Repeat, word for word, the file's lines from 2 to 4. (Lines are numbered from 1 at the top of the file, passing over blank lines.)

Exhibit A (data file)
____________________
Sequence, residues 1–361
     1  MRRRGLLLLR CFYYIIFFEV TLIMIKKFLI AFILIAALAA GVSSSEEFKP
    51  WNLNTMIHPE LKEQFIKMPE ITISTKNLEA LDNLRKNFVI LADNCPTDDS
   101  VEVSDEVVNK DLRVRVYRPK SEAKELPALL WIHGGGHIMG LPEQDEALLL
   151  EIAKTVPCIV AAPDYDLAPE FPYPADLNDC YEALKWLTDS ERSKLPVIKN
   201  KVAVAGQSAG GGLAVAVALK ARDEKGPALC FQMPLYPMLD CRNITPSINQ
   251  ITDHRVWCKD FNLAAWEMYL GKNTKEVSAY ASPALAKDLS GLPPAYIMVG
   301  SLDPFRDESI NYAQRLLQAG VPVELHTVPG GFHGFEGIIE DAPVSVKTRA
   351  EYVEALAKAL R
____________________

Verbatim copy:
     1  MRRRGLLLLR CFYYIIFFEV TLIMIKKFLI AFILIAALAA GVSSSEEFKP
    51  WNLNTMIHPE LKEQFIKMPE ITISTKNLEA LDNLRKNFVI LADNCPTDDS
   101  VEVSDEVVNK DLRVRVYRPK SEAKELPALL WIHGGGHIMG LPEQDEALLL